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Cybersecurity News: FBI Intervention on ProxyLogon Hacks

Darian Lewis

At Relativity, securing customer and company data isn’t just a priority—it’s the heart and soul of what we do. Our security team, Calder7, acts around the clock to anticipate threats, mitigate risks, and stay ahead of potential adversaries. Your most sensitive information is well protected in RelativityOne.

Still, as we all know, your organization is only as secure as the people who hold the data—and it isn’t just your RelativityOne data that needs protecting. That’s why strong security awareness education and training should be a critical component of your overall security posture.

To support your efforts in this area, our team here at Calder7 recently published a white paper defining some ProxyLogon vulnerabilities that have made news with hacking incidents. To briefly summarize: These vulnerabilities allow attackers to access systems and deploy malicious software such as ransomware and cryptocurrency miners, as well as leave behind webshells—web-based, shell-like interfaces on a server installed by attackers—and other tools that enable persistent access to compromised data.

In response to this critical issue, Microsoft released some important patches to close these back doors, and the United States government has launched an investigation into related cybercrimes.

Notably, the U.S. Attorney’s Office (USAO) in the Southern District of Texas took an unprecedented step on April 13, 2021, allowing the Federal Bureau of Investigation (FBI) to enter servers compromised via ProxyLogon vulnerabilities, copy any webshells they found on those servers for the purposes of their investigation, and then remove the webshells from the servers.

In their investigation, citing the need for “partnerships with private sector and government colleagues,” the USAO justified this action as a commitment to use all tools available to hold malicious cyber actors accountable for their actions.

It is a nice sentiment, but may have fallen short in achieving the goal of removing unauthorized access to these servers in a couple of ways: It neither patched the Microsoft Exchange vulnerability nor did it remove any other malware or backdoors installed by attackers.

Additionally, many parties have voiced other concerns over the move.

Concerns over New FBI Authority

In specific terms, the logistics of this action have also raised concerns. First, there’s the issue of the notifying servers’ owners of any action taken. The FBI has stated they will make the best effort possible to contact server owners from an FBI email address to notify them their systems were in scope, but anticipated it may not happen for a month or more from the action.

Their reasoning for the delay is based on the fact that the investigation remains ongoing. Details of the scale of the operation, exactly what steps were taken, and other specifics have been redacted from the court order, in the interests of avoiding any interference with the case.

More broadly, concerns over this investigative step include issues of data privacy and the scope of cyber law enforcement. Might the action set a precedent for giving the FBI broad permission to access private servers? If so, critics fear it signals a slippery slope into privacy violations by the law enforcement and intelligence agency.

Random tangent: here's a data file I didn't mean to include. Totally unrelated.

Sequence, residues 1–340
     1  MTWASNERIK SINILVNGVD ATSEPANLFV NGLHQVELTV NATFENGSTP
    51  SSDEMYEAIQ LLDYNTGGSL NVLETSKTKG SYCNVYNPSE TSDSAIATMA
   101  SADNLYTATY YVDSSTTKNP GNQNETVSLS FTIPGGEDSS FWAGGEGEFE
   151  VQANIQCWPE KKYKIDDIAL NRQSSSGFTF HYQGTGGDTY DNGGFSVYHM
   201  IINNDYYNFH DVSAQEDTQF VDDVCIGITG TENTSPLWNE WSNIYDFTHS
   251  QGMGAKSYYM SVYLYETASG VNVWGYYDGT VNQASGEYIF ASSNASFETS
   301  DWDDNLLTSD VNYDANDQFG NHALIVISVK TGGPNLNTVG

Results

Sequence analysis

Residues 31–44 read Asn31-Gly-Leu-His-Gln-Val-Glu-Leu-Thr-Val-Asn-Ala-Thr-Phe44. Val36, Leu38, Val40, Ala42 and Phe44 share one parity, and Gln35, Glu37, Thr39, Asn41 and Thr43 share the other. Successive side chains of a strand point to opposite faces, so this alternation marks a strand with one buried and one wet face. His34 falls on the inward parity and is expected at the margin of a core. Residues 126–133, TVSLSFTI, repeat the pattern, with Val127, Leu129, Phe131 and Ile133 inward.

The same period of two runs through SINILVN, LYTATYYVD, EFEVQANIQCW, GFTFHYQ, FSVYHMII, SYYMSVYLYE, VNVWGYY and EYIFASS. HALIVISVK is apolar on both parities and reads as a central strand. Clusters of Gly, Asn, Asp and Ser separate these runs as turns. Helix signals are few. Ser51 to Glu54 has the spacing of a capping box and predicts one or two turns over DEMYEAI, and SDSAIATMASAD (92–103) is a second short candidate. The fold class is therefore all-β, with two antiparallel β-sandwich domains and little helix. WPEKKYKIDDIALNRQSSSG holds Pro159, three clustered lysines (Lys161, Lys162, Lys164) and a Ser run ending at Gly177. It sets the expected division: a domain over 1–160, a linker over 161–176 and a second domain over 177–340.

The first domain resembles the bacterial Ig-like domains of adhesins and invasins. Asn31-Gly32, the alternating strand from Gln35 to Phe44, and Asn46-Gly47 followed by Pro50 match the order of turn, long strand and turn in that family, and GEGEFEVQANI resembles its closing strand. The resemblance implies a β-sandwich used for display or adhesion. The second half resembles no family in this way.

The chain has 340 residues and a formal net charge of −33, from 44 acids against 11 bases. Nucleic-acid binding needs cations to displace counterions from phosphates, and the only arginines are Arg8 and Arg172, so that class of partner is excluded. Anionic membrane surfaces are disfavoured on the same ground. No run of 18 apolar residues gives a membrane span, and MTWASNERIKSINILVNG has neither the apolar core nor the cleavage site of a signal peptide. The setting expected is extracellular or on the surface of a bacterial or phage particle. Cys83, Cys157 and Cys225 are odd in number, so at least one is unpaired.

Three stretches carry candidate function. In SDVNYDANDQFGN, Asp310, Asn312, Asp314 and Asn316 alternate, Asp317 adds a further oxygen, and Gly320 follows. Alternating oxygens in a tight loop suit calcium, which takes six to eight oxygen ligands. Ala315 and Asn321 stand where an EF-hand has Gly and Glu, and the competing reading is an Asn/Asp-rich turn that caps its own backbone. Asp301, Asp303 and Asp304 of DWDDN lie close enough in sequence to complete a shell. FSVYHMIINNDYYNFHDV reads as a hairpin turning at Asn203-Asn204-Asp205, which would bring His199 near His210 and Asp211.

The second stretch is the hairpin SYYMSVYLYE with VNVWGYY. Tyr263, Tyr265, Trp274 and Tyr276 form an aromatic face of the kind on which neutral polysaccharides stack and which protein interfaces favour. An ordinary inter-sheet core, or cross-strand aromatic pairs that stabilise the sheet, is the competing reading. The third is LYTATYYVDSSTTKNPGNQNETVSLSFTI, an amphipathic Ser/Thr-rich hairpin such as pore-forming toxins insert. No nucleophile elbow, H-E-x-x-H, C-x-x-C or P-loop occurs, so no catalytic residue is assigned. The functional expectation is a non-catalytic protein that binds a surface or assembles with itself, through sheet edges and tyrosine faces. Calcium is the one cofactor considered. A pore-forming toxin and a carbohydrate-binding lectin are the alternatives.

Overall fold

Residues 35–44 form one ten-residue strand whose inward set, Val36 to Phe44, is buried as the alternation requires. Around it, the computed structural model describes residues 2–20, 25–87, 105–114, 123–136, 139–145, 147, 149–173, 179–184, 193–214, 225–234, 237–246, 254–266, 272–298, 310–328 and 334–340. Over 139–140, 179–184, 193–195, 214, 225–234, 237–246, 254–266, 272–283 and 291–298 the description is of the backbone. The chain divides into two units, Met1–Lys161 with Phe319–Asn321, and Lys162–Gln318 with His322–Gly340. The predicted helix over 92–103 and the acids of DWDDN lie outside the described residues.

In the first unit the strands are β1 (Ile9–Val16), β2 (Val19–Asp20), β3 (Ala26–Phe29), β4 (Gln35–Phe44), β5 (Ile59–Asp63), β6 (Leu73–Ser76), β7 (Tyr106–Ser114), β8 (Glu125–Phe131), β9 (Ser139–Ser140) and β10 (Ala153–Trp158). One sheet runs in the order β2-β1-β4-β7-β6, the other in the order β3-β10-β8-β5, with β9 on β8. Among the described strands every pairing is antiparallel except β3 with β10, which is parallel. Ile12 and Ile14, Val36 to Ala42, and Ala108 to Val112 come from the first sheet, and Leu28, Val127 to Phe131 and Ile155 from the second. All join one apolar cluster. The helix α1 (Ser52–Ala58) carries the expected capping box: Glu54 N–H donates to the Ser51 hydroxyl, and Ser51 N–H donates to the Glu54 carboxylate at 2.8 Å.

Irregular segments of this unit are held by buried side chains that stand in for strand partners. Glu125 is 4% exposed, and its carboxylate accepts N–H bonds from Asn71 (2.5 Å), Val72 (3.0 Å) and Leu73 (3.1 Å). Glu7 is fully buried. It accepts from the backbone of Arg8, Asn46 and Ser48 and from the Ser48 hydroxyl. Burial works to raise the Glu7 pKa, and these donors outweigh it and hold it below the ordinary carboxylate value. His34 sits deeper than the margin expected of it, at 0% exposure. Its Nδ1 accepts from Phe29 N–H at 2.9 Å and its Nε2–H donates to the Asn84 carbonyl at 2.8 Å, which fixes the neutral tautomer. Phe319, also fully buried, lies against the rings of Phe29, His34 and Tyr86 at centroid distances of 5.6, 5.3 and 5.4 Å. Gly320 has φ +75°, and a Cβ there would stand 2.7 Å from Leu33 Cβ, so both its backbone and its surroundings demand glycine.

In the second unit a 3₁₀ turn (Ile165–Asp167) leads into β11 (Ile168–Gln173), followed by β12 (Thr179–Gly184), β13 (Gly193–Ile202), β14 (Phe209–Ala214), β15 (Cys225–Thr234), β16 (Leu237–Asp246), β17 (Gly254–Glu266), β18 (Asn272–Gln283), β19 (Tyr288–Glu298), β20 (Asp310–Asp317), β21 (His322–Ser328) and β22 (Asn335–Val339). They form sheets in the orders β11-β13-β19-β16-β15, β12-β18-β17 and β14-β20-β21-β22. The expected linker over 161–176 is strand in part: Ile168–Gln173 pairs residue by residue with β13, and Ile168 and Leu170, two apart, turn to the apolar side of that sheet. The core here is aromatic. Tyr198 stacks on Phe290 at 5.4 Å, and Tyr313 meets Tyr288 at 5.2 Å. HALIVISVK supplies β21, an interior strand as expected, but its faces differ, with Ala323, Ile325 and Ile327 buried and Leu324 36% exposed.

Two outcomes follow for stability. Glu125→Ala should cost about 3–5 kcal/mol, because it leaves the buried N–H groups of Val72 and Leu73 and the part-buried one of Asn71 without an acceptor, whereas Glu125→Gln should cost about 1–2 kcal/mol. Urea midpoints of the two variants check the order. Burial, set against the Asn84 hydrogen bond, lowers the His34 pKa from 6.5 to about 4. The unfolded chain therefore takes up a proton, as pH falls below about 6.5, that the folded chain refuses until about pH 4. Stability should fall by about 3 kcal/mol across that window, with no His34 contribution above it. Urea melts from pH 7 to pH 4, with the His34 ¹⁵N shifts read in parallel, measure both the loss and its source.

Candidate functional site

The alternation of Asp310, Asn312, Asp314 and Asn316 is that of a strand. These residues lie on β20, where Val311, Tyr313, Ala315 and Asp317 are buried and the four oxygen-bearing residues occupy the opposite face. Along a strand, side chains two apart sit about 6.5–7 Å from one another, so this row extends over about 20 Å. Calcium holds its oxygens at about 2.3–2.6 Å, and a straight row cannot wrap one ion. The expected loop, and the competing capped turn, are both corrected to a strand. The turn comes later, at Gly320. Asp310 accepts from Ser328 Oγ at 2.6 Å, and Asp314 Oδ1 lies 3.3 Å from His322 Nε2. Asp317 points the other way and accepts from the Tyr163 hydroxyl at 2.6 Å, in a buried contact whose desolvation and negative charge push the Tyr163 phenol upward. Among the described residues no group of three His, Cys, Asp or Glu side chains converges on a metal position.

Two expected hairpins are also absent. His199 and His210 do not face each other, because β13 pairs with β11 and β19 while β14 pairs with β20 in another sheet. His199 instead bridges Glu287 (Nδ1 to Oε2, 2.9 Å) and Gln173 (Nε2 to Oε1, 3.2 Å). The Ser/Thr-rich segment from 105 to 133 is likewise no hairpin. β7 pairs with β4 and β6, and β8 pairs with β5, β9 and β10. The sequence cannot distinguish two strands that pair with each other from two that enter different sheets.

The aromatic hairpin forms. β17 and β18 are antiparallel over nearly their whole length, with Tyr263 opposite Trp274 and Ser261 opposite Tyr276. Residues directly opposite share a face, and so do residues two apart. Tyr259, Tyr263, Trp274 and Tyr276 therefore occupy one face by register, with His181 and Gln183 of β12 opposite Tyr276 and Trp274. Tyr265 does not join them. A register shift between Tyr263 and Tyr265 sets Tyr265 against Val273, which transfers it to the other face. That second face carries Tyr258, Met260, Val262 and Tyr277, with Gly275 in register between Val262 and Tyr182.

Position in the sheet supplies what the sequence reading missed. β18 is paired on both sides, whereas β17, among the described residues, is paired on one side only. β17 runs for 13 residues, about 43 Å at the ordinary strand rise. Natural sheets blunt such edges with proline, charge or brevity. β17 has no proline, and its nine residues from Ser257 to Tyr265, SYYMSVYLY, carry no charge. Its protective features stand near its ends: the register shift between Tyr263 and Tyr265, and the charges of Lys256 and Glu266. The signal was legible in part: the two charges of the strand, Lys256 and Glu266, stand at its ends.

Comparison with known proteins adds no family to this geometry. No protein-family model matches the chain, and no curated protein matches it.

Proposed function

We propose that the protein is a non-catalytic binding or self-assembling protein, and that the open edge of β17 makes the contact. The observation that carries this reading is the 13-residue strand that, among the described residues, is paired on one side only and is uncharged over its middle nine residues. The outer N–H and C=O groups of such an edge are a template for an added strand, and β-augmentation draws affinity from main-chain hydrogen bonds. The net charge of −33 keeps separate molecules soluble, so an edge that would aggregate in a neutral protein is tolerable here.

At the crux of the debate is the issue of interference by government entities in corporate security matters. This is new behavior for the FBI in the cyber realm, and it may well set a precedent for future activity. As many CISOs already struggle to fully understand their organization’s complete data architecture, knowing that any third-party entity could remotely access their servers and make undocumented changes is frightening. (After all, they ask: If someone with the best intentions can manage it, why not someone with nefarious purposes? It’s an uncomfortable possibility no technology leader likes to consider.)

Additionally, concerns have been voiced over what other actions the FBI could have taken or what additional information may have been accessed during their visits into compromised servers. Plenty of individuals and organizations take issue with government agencies “snooping” on private property—analog or digital.

No matter your position on the ethics of the matter, one thing is certain: By using the tools left behind by criminals to gain unauthorized access to servers, the FBI is taking a bold step in the use of hacking as a tool in their law enforcement arsenal.

Moving Forward

With so many details about this new action still protected by redactions, it is difficult to predict what long-term effects the case will have on the future of cybercrime investigations. We are left to wonder what the FBI will do with its new collection of webshells and what other information was examined during the remediation process to further the investigation.

It’s notable that over 92 percent of servers had already been patched at the time of the action. So while the desire to assist the remaining 8 percent is understandable, the unprecedented mechanism used to deliver that assistance leaves many questions. The impacts to compliance requirements, ISO, FedRAMP, HIPAA, and other certifications also remains unknown. Our team will continue to follow this story as it unfolds, so look out for more coverage as updates arise.

In the meantime, you can dig deeper into this story here, here, or here. Let us know your thoughts in the comments or over on the Relativity Community site.

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Darian Lewis was a staff engineer and lead threat intelligence analyst in Relativity's Calder7 security group.